CHICAGO (Tuesday, December 17, 2002) - The United States Soccer Federation has agreed to a new contract with U.S. Men’s National Team manager Bruce Arena, who will continue to guide U.S. Soccer’s Men’s National Team Program through 2006.
Arguably the most accomplished coach in American soccer history, Arena’s four-year tenure has seen the Long Island native become the winningest coach in team history, while elevating the United States’ respect on the international stage. His achievements culminated in the USA’s historic quarterfinal finish at the 2002 World Cup in Korea/Japan.
"In our mind, there was never a question that Bruce Arena was going to be the man to guide our U.S. Men's National Team program in our preparation for the 2006 World Cup," said U.S. Soccer President Dr. S. Robert Contiguglia. "He was the right man for the job when we hired him in 1998, and he is the right man for the job today. Obviously, his success on the field has been well-documented, but perhaps more important than those triumphs is the blue-print for the future development of the American player and the American professional game which he has imbedded into our National Team program. It is my belief that those advancements will be his true legacy with U.S. Soccer."
With a four-year record of 34-18-14, Arena is the team’s all-time leader in victories and winning percentage (.621). In addition, the team won a record 12 games in 2002, including a championship run at the 2002 CONCACAF Gold Cup and a quarterfinal run at the 2002 World Cup that featured victories over Portugal and Mexico.
“I’m happy to have the opportunity to improve upon the progress we have made over the last four years,” said Arena. “We have already begun to focus on the long process of building a team capable of competing to qualify for the 2006 World Cup. I am certainly looking forward to the challenge.”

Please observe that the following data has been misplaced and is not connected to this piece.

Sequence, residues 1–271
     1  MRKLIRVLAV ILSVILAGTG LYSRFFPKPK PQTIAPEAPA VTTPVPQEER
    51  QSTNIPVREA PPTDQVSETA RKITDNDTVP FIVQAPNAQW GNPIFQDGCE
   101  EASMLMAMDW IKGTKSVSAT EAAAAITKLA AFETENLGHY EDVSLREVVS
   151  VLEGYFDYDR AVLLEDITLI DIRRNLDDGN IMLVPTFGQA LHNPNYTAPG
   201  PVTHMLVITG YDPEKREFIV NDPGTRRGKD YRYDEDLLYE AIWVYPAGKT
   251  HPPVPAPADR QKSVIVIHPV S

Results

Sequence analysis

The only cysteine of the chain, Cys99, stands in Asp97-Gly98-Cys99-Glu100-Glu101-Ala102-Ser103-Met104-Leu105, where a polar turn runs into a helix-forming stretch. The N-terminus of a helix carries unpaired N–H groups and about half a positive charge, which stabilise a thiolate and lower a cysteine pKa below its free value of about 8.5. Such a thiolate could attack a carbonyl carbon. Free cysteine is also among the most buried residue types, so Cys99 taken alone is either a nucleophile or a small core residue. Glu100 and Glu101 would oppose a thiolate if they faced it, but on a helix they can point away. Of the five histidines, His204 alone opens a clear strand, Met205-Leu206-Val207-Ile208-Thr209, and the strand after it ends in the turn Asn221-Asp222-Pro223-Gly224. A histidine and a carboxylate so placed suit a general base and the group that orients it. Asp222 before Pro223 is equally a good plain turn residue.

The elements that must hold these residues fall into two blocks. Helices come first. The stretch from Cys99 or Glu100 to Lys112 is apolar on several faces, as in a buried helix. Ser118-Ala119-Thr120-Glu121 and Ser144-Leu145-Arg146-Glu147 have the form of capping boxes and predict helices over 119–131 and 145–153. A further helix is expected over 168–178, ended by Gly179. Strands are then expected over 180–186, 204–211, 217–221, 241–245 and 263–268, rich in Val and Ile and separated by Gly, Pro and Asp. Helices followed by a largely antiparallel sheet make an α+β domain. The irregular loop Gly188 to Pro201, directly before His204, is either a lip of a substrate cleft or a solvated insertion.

Under Arena, the U.S. continued to raise the bar in each of his four years. After a strong start in 1999 which included a third-place finish at the FIFA Confederations Cup in Mexico, the U.S. went 9-2-6 in 2000 and outscored their opposition by a team-record 23 goals. The team also set a new American standard for shutouts in a year with nine in 2000. During the last six months of 2000 and through 2001, Arena guided the U.S. to an 8-4-4 record in CONCACAF qualifying for the 2002 World Cup, enabling the United States to advance to their fourth-consecutive World Cup.
Arena, 51, has placed an emphasis on player development during his U.S. tenure, paying particular attention to Major League Soccer. During the 2002 World Cup cycle, Arena saw 92 players take part in at least one training camp under his tutelage, with 70 players earning at least one cap. Illustrating his desire to evaluate as many players as possible, Arena also gave 36 players the chance to earn their first cap during the four-year build up to Korea/Japan. In the team’s first camp after the World Cup (prior to the team’s 2-0 victory over El Salvador on Nov. 17), Arena invited 23 players to train, including seven taking part in their first National Team camp and five who earned their first cap, continuing the trend he began back in 1998.